Tropical Homes’ partner for the upcoming Green Village next door, PT Bambu, built the school and they are now jointly combining environmentally conscious design with organic, contemporary architecture.
Built with the strongest and most durable of materials, engineered bamboo and re-claimed timber, this green villa resort will offer the buyers a 100% ECO solution consisting in total comfort, lavish luxury and ecological living.
A 3 bedroom bamboo villa sells at US$ 375,000 as starting price.
“Then some things you can of course not have in bamboo; like toilets, showers and piping. So what we do then is calculating the carbon credit, including it in the price and plant bamboo for that,” says the Nils.
Incredibly strong bamboo lasts long
A foundation has been started where they give bamboo saplings to farmers around Bali. And after only five years they can start harvesting and the developer will be able to buy bamboo from them on the island.
The greatest advantage of bamboo is undoubtedly its enormous growing speed. Bamboo shoots in tropical countries grow up to 30 meters within six months, which directly shows the potential of bamboo to substitute slower growing wood species in terms of annual yield, reports Delft University of Technology, The Netherlands.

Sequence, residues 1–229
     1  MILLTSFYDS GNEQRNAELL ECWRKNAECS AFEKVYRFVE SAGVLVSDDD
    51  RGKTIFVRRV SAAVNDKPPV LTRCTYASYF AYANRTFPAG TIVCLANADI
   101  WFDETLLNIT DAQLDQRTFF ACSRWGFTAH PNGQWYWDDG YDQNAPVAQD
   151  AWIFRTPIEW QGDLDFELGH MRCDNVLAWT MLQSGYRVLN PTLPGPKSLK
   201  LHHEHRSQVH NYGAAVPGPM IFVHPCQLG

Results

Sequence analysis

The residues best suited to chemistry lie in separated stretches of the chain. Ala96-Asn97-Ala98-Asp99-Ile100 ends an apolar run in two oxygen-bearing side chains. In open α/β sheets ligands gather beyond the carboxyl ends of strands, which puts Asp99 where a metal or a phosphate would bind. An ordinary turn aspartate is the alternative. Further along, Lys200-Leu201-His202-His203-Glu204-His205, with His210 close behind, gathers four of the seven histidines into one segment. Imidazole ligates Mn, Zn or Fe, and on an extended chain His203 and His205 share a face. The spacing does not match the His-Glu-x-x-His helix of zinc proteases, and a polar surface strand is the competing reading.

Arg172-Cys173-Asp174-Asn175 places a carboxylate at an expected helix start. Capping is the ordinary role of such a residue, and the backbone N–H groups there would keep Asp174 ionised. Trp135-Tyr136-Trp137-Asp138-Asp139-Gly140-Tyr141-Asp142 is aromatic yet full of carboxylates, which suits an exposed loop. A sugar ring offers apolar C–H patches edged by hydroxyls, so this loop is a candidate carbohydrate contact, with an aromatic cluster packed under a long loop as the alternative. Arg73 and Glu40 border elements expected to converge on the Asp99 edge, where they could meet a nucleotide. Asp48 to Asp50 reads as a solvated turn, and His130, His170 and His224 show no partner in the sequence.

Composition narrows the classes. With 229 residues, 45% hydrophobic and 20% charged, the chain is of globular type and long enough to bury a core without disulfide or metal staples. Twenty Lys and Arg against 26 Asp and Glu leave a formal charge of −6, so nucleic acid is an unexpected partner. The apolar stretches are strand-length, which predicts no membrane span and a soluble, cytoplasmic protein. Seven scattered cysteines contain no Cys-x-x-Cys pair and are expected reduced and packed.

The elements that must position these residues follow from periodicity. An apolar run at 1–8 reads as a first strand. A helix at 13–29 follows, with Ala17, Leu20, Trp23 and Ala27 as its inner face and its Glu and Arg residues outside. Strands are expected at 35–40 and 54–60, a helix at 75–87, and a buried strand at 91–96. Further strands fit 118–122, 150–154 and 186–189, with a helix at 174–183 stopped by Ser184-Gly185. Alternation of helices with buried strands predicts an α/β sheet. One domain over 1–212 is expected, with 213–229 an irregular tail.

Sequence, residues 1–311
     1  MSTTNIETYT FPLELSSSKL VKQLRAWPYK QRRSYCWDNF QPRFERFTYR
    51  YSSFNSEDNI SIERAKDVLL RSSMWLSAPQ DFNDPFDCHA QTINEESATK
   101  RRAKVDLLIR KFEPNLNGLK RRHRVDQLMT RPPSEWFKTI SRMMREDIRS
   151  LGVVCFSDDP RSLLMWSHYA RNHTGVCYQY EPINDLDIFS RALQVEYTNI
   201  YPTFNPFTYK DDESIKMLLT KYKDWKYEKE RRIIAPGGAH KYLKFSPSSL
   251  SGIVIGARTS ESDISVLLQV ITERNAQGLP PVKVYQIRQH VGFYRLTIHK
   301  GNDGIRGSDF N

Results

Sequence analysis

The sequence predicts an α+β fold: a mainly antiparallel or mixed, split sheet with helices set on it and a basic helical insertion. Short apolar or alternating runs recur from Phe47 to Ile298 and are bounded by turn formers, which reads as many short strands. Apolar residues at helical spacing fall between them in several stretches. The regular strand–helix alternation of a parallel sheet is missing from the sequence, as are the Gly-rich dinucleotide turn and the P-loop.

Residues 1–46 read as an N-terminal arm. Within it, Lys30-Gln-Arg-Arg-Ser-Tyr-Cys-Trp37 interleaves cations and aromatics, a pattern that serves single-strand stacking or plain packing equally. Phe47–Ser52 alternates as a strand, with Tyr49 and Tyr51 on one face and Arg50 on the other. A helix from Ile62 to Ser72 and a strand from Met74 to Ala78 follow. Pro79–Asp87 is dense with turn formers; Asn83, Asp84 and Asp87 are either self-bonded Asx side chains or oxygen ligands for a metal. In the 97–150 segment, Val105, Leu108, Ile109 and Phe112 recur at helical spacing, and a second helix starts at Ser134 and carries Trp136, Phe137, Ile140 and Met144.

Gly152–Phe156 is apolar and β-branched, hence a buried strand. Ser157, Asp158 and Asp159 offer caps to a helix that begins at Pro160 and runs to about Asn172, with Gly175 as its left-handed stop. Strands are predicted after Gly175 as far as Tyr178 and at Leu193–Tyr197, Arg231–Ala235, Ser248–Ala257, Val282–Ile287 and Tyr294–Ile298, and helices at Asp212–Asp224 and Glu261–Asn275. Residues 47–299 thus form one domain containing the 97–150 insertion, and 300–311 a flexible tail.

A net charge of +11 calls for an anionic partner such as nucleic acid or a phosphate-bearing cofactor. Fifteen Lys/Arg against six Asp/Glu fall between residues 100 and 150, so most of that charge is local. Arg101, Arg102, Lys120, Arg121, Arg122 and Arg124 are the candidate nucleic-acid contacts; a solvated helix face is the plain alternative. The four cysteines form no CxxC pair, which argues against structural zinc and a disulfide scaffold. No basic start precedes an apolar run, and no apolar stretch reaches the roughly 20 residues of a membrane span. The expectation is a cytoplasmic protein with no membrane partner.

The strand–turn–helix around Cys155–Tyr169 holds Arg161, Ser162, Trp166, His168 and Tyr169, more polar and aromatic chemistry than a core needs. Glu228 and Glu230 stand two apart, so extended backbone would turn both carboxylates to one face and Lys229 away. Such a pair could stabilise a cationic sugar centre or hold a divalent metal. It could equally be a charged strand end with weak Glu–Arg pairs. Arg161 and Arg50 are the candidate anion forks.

“There is nothing more easy to cultivate than bamboo; it grows practically anywhere, and incredibly fast,” says Nils. ”And the thing is also that when bamboo grows, you get sprouts and you don’t harvest everything – the root stays and just keeps on growing and growing and last for up to 90 years.”
Using bamboo as a viable building material might raise some scepticism. But have no doubt – it is 50 times stronger than oak, and just as strong as steel but much lighter, pliable and physically attractive.